School of Medicine

Pediatrics Bonkowsky Lab

Our Projects & Funding

Current Research Projects

Project 1: Hypoxic disruption of CNS development


Hypoxic injury to the developing human brain causes life-long intellectual and behavioral deficits. These serious outcomes include autism spectrum disorders, cerebral palsy, depression, epilepsy, and intellectual disabilities. Currently there are no treatments to protect against the effects of prematurity and chronic hypoxic injury to the central nervous system (CNS). The ultimate goal of our research is to understand the fundamental molecular and neurobiological mechanisms by which hypoxia disrupts connectivity.

Recently, our lab developed a novel zebrafish system to examine the effects of hypoxia. Zebrafish's unique advantage is that it combines vertebrate CNS structures and genes with rapidity and efficiency for testing basic mechanisms. We use a combination of novel transgenic lines and innovative chemical and imaging approaches. Elucidation of these mechanisms offers the potential for designing effective and targeted therapeutic approaches.

Project 2: Connectivity Labeling

tcatSpecific visualization and manipulation of neural circuitry has remained a vexing problem in neurobiology. Classical methods rely upon analysis in fixed tissue, preventing characterization of function or behavior. Newer methods allow genetic targeting to specific neuron types and even identify single neurons, but synaptic partners and functional circuits are not accessible by these current methods. A more general related issue is how to induce expression of a transgene in a vertebrate system when two cells make contact. A solution to these issues could have wide applicability, both for experimental studies, as well as for potentially a variety of therapeutic options.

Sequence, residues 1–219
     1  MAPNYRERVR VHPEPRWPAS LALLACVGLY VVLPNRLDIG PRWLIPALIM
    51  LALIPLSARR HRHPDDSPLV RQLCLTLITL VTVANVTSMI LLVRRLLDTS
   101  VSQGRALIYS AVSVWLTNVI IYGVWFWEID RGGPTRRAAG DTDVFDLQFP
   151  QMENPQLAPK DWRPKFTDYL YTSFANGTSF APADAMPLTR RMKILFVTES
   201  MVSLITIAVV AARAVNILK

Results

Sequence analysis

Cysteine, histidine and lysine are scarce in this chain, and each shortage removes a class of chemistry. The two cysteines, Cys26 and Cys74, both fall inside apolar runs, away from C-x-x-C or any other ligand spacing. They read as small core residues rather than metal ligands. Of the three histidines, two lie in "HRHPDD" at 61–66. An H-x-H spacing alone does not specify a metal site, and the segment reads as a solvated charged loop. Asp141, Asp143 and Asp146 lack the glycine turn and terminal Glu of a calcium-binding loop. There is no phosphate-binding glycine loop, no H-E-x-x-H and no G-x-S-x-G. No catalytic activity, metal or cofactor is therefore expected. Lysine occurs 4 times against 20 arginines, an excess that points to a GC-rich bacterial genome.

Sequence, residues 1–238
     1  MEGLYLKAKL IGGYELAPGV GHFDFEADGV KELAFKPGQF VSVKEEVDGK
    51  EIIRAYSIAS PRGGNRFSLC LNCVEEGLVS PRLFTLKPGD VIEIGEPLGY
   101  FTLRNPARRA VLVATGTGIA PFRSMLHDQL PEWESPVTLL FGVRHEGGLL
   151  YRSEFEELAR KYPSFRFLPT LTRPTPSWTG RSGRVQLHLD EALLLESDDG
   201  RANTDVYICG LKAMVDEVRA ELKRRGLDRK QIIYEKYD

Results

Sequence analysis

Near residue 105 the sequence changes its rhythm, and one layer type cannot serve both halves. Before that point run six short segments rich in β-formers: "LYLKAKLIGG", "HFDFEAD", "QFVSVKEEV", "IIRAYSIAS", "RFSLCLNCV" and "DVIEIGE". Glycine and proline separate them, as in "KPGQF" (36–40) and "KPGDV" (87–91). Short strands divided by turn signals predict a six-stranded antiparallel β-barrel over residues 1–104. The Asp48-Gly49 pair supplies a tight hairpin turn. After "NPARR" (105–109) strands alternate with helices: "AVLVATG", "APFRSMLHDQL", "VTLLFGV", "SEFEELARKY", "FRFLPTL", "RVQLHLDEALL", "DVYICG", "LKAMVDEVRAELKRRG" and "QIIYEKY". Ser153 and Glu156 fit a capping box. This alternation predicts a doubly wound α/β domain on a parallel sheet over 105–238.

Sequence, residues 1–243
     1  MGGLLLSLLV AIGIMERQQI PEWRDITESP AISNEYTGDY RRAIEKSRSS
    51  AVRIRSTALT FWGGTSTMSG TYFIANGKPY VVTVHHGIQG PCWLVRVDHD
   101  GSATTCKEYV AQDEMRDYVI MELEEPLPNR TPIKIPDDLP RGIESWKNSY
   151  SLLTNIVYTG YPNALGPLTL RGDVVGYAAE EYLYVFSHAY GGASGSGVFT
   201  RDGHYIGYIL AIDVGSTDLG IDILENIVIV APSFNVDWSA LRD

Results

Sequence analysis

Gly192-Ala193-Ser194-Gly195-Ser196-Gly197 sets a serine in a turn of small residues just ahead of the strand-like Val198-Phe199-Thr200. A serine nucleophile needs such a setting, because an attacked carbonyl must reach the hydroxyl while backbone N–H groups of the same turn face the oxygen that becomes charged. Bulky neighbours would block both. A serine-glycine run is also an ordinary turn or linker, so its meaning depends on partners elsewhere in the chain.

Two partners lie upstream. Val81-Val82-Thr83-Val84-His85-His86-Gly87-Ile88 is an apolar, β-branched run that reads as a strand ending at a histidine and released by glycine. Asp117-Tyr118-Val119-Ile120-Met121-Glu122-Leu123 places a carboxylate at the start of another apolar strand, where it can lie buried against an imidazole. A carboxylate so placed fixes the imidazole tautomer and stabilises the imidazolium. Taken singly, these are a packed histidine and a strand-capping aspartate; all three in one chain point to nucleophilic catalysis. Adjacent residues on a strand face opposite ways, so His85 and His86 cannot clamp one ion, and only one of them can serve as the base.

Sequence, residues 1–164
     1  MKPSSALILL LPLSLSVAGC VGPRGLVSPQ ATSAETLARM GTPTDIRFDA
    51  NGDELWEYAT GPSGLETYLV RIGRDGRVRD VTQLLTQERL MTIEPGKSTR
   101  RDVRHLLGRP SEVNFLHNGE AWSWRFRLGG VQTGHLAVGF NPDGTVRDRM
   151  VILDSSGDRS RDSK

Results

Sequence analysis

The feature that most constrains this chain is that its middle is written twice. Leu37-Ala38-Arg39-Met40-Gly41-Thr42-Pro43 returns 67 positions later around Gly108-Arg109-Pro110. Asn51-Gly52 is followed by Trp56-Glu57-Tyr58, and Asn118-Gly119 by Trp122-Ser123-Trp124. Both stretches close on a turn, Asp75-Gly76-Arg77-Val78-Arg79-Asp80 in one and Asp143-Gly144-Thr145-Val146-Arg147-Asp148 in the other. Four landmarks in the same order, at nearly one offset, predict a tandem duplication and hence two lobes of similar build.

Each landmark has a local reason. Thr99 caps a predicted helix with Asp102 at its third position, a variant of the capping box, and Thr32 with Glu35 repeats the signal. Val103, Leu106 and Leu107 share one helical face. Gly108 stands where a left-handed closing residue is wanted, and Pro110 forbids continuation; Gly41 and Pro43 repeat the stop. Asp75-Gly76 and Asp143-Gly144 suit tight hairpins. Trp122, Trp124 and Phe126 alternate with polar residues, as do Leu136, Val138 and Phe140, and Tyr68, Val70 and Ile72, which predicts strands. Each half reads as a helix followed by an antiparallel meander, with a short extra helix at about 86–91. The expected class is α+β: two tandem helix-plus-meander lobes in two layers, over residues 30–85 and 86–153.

This project develops novel strategies to analyze vertebrate circuit construction and function. It includes the first genetic method for visualizing and driving expression in two cells that make contact, and offers the potential to identify and manipulate neuronal circuits in a vertebrate organism; the application of FingRs in vivo to analyze synapses; and a broad range of transgenic lines to look at different axon tracts.

Project 3: Leukodystrophies

Inherited leukodystrophies are diseases of the myelin, including abnormal myelin development, hypomyelination, or degeneration of myelin. The incidence of leukodystrophies is almost 1 in 7500 live births. Typical disease presentation occurs in the first three years of life with a 34% risk of death by age 8 years (Bonkowsky et al., 2010).

We have developed zebrafish models for leukodystrophies to use for drug screening and to characterize the fundamental disease mechanisms of leukodystrophies.  We are using CRISPR knock-out and knock-in technologies; transgenic reporter lines; and motor behavior measurements.

We are currently studying X-linked Adrenoleukodystrophy (ALD); Vanishing White Matter Disease (VWMD); and Metachromatic Leukodystrophy (MLD); and are developing other models.

Clinical Projects

Project 1: Western Leukodystrophy Project

Genetic white matter disorders (leukodystrophies) have an incidence of 1:7500 live births. Our work aims to characterize the clinical history of leukodystrophies, and to develop novel therapies.

We are partnering with ALD Connect, funded through PCORI, to improve care and understanding of X-linked adrenoleukodystrophy and adrenomyeloneuropathy.

Project 2: Neuroprotective Roles for Magnesium

Preterm birth and hypoxic injury to the developing brain are associated with adverse neurodevelopmental outcomes including autism spectrum disorders, epilepsy, and intellectual disabilities. We are examining clinical outcomes as related to a potential neuroprotective role for magnesium in premature infants.

Current Funding

  • NIH Director's New Innovator Award
  • The March of Dimes Foundation
  • Primary Children's Foundation
  • Vanishing White Matter Foundation